Demonstrations in and around Place de la République in Paris on the day before the COP21 climate talks opened.

Demonstrations in and around Place de la République in Paris on the day before the COP21 climate talks opened.

Credit:

Chris Bentley

 

For two weeks, diplomats have been drafting a deal on climate change at the United Nations talks in Paris. Most of the world leaders have already left town, after some stirring speeches that set high hopes for an international agreement expected later this month.

And while environmentalists share that sense of urgency, some are skeptical of the process itself.

There're a lot of “green” groups in Paris right now, but they come in many sizes. You could say there’s “big green” — the environmentalist establishment — and “little green,” or the more radical outsiders. 

Shyla Raghav is definitely big green. She’s director of climate policy for Conservation International, and this isn’t her first rodeo.

“I’ve been coming to these COPs for over a decade,” she says, referring to the official U.N. title for the climate talks on the outskirts of Paris. “COP13 in Bali was my first, and that was in 2007.”

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Not much has gotten done at these conferences since then. But this time around, Raghav says, the atmosphere is remarkably different. “I think there is an inspiring sense of optimism around the COP,” she says, “not only from civil society but also from government delegates.”

But Raghav is inside the conference. Too inside, perhaps, if you’re a “small” green like Bobby Righi, a 78-year-old who came here from Seattle to join street demonstrations for climate action. She doesn’t expect the negotiations will do much to fix the climate crisis.

“I’m a little too cynical about that.” 

Others activists here are beyond cynical. David Garcia, a 28-year-old from Spain, says he’s completely disconnected from the negotiations. People want revolution, he says — not empty promises.

“Honestly I don’t try to make my voice heard by the political leaders that are here,” he says. “They’re traitors to the interest of the people. They have created a massive financial crisis, a massive economic crisis and a massive climate crisis. And for the last 25 years they haven’t given any response.”

Back in the converted airport hangar housing the climate talks, those concerns aren't falling on deaf ears.

“There’s no question that we will not be able to address the challenge of climate change within the current capitalist system,” says Kumi Naidoo, the executive director of Greenpeace International. “However, what does that mean in practical terms?”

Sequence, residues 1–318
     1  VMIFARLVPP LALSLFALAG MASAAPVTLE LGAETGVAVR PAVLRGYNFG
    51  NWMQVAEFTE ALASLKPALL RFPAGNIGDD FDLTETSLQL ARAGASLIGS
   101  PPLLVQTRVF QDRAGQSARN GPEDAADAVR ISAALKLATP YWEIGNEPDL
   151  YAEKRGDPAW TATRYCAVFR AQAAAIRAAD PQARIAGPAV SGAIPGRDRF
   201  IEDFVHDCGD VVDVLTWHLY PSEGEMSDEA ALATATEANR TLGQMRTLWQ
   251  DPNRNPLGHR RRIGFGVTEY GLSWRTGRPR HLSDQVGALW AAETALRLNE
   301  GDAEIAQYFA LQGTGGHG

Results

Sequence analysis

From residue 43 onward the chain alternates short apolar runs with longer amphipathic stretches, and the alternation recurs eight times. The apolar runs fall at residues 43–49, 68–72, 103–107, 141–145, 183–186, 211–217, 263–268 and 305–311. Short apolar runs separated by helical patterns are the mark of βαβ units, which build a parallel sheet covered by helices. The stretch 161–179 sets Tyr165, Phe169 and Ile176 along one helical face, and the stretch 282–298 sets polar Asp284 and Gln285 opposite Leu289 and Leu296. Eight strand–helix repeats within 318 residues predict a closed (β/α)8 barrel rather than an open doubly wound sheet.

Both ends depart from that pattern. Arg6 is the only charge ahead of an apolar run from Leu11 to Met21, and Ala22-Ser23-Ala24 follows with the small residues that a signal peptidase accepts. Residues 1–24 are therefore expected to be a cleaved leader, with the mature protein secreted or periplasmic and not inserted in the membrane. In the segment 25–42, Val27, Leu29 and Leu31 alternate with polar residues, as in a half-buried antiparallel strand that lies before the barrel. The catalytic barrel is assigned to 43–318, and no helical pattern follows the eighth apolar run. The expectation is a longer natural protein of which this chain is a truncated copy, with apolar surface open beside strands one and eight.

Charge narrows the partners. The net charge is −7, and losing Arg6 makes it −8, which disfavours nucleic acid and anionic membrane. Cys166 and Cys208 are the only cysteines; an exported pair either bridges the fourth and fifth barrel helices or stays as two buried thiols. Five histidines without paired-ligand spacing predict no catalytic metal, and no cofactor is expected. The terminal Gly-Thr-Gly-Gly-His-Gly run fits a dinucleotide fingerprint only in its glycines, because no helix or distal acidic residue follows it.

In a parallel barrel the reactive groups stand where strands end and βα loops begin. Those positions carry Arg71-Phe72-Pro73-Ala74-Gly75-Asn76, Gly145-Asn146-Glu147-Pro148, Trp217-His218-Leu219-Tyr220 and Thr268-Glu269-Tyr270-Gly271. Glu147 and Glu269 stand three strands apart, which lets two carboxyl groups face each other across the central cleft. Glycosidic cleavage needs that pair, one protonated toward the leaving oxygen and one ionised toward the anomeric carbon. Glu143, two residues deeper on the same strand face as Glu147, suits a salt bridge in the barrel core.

Naidoo is from South Africa, and he sort of straddles the divide between big and small green. He says it’s critical that the negotiators strike a deal on climate change in Paris.

And while he hasn’t lost faith in the UN process, he does have his reservations. For instance, negotiators are squabbling over how to keep the global average temperature from rising past the critical 2 degrees Celsius threshold by 2100. But Greenpeace believes even 2 degrees is too much. And Naidoo says rich countries aren’t doing enough to help the developing world deal with climate impacts that they had little role in creating.

“So for all of those reasons, I think people must be careful that they don’t drink the Kool-Aid and get carried away with broad, general statements of urgency that governments are making. Because we know they are playing to constituencies back home,” Naidoo says.

Even many representatives of big green here at the climate talks believe that what happens outside the conference halls — the voices and actions of little green — is at least as important as any international agreement.

Steve Herz of the Sierra Club — among the biggest of big green — says activists play a bigger role than any diplomat.

“Look, at the end of the day, the primary driver is going to be citizens holding their governments to account. So we need these kind of grassroots movements. We need people in the streets, we need people voting on climate change records of politicians, we need investigative journalists holding politicians and companies to account,” Herz says. “That kind of grassroots pressure, the bottom-up pressure. ... It’s absolutely essential.”

These talks aren’t going to solve climate change by themselves. So, Herz says: curb your enthusiasm, sure — but don’t give up hope.

This story is part of a series called "Climate of Hope" produced by a team of reporting fellows for The GroundTruth Project with support from the JMB Charitable Fund.

Update: The audio version of this story says that Kumi Naidoo of Greenpeace is from Nigeria. It should say that he’s from South Africa.

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